After several years of low prices, lobster is once again swimming out of reach for many consumers.
Due to an unusually cold winter, lobster prices have reached historic highs, reports CNN Money. Demand from consumers and restaurant buyers around the world has steadily increased but trappers faced less than stellar supplies in the New England harbors this spring.
"This winter, inshore water temperatures dropped...and many inlets and harbors froze," Tom Flanigan, owner of wholesaler Seaview Lobster, told CNN Money. The water temperature has failed to rise enough for the usual hoards of lobsters to journey closer to shore.
Sellers have had to raise prices to make up for the lack of fresh lobsters.
"This is the first time I have had to raise prices in 6 years," Susan Povich, owner of Red Hook Lobster Pound in Brooklyn, New York told CNN Money. Last year, Povich sold whole lobsters for $12 a pound. This year it’s up to $15.99.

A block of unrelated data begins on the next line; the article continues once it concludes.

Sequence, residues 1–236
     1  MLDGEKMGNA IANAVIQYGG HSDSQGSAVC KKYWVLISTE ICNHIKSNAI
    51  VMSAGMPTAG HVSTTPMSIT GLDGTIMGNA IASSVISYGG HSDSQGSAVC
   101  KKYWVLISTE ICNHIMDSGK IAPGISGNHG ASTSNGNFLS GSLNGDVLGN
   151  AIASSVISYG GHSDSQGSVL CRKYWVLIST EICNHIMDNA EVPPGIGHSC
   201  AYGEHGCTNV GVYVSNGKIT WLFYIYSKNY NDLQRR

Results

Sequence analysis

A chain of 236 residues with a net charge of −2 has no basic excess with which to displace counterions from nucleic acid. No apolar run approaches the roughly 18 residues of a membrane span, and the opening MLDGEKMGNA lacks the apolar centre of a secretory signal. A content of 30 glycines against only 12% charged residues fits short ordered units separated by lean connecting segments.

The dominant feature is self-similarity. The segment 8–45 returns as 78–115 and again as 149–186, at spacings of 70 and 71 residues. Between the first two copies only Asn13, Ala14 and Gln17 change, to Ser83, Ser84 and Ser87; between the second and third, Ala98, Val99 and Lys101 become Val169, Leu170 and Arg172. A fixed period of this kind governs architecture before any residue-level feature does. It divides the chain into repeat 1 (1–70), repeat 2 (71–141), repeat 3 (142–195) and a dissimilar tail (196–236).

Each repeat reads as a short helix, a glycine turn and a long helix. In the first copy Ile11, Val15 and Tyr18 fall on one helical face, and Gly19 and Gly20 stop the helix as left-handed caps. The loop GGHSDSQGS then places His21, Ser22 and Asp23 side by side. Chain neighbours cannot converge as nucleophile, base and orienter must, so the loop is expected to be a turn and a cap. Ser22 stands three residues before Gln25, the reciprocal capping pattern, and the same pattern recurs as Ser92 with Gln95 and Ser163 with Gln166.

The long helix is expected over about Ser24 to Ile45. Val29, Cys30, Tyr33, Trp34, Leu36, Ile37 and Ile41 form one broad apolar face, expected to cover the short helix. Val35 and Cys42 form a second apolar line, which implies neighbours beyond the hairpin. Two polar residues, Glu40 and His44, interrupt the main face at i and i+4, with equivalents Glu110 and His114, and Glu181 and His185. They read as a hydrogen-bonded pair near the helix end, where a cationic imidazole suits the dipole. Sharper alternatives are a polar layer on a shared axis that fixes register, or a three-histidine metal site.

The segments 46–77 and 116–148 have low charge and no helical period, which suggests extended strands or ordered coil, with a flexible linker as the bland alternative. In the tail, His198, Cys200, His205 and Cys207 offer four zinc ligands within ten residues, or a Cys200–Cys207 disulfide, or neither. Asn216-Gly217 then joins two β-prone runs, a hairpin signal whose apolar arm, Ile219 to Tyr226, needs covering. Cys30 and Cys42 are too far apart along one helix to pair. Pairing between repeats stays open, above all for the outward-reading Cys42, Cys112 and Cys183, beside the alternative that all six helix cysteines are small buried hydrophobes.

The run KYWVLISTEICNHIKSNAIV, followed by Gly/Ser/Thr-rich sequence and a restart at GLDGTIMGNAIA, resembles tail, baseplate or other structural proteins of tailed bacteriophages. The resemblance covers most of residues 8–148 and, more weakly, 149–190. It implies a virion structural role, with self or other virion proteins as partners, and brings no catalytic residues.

This comes after record catches in 2013 and 2013 forced the price of lobster to historic lows.
According to the NOAA, Maine landed 85 percent of the lobster caught in the United States in 2013.
Outside of the U.S., demand for lobster has skyrocketed in many Asian countries, especially China. In 2014, the Chinese imported $90 million worth of lobster compared to just $2.1 million in 2009—a 4000 percent increase in five years.
Supplies may be dwindling in the early season but don’t retire those claw crackers just yet.
Matt Jacobson, executive director of the Maine Lobster Marketing Collaborative, told CNN that waters will continue to warm up from July and August, meaning more lobsters will migrate and shore and help replenish lackluster supplies.
If you're still willing to cough up the big bucks for the gourmet crustacean, here are some recipes to get your butter flowing.